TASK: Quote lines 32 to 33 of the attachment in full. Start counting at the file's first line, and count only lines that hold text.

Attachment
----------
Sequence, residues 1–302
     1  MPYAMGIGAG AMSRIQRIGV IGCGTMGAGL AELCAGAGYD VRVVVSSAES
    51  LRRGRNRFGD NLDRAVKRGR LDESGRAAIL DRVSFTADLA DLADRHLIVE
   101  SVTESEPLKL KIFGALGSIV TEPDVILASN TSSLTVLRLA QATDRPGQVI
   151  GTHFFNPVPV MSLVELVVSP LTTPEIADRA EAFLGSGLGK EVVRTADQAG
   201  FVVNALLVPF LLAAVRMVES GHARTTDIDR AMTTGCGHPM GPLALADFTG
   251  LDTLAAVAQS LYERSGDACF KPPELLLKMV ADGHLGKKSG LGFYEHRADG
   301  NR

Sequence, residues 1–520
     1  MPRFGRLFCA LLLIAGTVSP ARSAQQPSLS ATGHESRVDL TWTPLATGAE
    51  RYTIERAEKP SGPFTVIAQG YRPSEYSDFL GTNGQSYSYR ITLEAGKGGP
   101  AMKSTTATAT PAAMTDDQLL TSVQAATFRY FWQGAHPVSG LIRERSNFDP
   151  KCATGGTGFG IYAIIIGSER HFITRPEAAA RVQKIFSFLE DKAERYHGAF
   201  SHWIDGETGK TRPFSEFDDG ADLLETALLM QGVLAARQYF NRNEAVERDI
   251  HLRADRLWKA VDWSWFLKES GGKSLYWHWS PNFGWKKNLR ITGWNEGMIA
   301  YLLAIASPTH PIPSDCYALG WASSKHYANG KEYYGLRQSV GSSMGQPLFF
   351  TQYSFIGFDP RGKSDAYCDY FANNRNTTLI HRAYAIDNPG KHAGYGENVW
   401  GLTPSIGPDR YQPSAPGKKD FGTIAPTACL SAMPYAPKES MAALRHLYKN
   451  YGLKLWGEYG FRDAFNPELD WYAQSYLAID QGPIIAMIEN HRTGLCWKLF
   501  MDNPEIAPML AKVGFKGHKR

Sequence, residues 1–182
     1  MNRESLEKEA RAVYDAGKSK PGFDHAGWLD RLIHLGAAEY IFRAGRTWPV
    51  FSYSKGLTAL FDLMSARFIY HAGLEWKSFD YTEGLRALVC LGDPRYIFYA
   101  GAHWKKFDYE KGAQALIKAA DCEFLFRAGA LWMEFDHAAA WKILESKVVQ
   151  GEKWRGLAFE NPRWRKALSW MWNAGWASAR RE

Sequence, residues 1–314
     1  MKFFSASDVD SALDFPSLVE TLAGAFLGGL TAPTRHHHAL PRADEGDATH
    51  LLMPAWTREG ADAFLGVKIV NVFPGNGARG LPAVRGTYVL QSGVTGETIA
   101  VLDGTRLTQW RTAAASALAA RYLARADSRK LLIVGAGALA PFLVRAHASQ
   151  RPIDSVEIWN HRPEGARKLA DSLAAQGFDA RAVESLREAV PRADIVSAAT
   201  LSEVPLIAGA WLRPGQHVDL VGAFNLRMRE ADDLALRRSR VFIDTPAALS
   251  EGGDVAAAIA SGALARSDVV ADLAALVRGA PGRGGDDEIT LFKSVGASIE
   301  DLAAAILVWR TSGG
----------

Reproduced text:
   251  EGGDVAAAIA SGALARSDVV ADLAALVRGA PGRGGDDEIT LFKSVGASIE
   301  DLAAAILVWR TSGG